Antibody tests are increasingly available, including at many urgent care centers. NYC is now providing tests for free, at one location in each borough. To see if you qualify & to make an appointment, go to https://www.bioreference-appointments.com/nyc.
Helping Our Seniors - Council Member Levine’s Senior Corps
Our community is experiencing a crisis unlike anything we've ever seen before. As always, our community is pulling together to help each other.
This week my team and a group of fantastic volunteers began reaching out to our senior neighbors to make sure that they have what they need to weather this pandemic and to provide them with important information on meal deliveries and other necessary services.
It was a fantastic start but we still need your help!
Food and Masks Distribution for our Neighbors
This past Thursday, my office teamed-up with ICNA Relief and Foodtown grocers to distribute over 1000 meals and food gift cards to Upper Manhattan residents experiencing food distress from the COVID-19 outbreak. We were also able to distribute hundreds of face masks at the event.
With the closure of many businesses, the number of families who need access to healthy food and supportive services has increased exponentially. I am so grateful that ICNA and Foodtownreally stepped up to help bring this much-needed support to those struggling to access food.
We are working hard to connect people who need it most to the resources that are available to make sure no one faces a shortage of food during this crisis. If you or someone you know are in need please reach out to my office at 212-928-6814 or email us at email@example.com
You can also check our COVID-19 Food Resource page for more information on how you can access food assistance during the outbreak. Also, the city has released a new map tool to help New Yorkers find their nearest food pantry or community kitchen.
- The DOE announced the City’s summer learning plan, which will provide support to around 177,700 students for remote summer learning. Learn more here.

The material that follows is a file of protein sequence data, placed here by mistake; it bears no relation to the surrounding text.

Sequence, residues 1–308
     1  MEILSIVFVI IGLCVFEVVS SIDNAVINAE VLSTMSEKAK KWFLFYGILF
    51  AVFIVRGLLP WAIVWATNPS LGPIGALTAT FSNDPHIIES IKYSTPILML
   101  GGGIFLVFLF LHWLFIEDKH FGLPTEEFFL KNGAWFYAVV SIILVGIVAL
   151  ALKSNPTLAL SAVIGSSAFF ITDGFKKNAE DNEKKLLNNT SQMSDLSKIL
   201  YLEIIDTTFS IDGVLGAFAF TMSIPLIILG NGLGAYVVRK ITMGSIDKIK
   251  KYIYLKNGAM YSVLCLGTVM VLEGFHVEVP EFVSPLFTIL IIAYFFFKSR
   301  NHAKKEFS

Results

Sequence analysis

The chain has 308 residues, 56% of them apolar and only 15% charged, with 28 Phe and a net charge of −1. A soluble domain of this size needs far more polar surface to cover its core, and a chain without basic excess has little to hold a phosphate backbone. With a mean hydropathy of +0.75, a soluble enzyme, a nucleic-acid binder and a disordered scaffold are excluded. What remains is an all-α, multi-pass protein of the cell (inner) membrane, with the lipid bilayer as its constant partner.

- CUNY’s Citizenship Now! provides free, high quality, and confidential immigration law services to help individuals and families. They have recently increased capacity due to the COVID-19 outbreak and attorneys are available for consultations on all immigration matters and completing immigration applications. For a free consultation please call 646-664-9400, text 929-334-3784 or email firstname.lastname@example.org.
- The Health Department released an updated COVID-19 data page detailing additional demographic information about how the outbreak is affecting New York City. Find the new page HERE.
- New Yorkers who are experiencing mental health issues due to the COVID-19 outbreak can call 1-844-863-9314 to speak with a mental health professional.
- The City is still hiring contact tracers to reach out to the contacts of those diagnosed with COVID-19 to track the spread. Learn more, and apply here.
- SOMOS Community Care is opening pop-up COVID-19 testing sites across Manhattan. The sites are available by appointment only as screening questions are required, and each will only be open for six days at a time. Each site will run both diagnostic (swab) and serology (antibody) testing. To make an appointment, call (833) SOMOSNY.
- The City Human Resources Administration has released the application for the Cooling Assistance benefit, which helps eligible households buy and install an air conditioner or fan up to a cost of $800.
- Senior NYCHA residents are eligible to receive free internet-enabled tablets to stay connected with their friends and family during isolation. Eligible seniors (62 and older, living alone or with another senior only) can email email@example.com or call (929) 505-6208 and (929) 237-3069 (M-F 9:30 am to 4:30 pm) to register.
- Religious gatherings of fewer than 10 people will now be allowed to resume statewide.
If you have any questions or concerns please do not hesitate to contact our office at (212) 928-6814 or firstname.lastname@example.org.
Council Member Mark Levine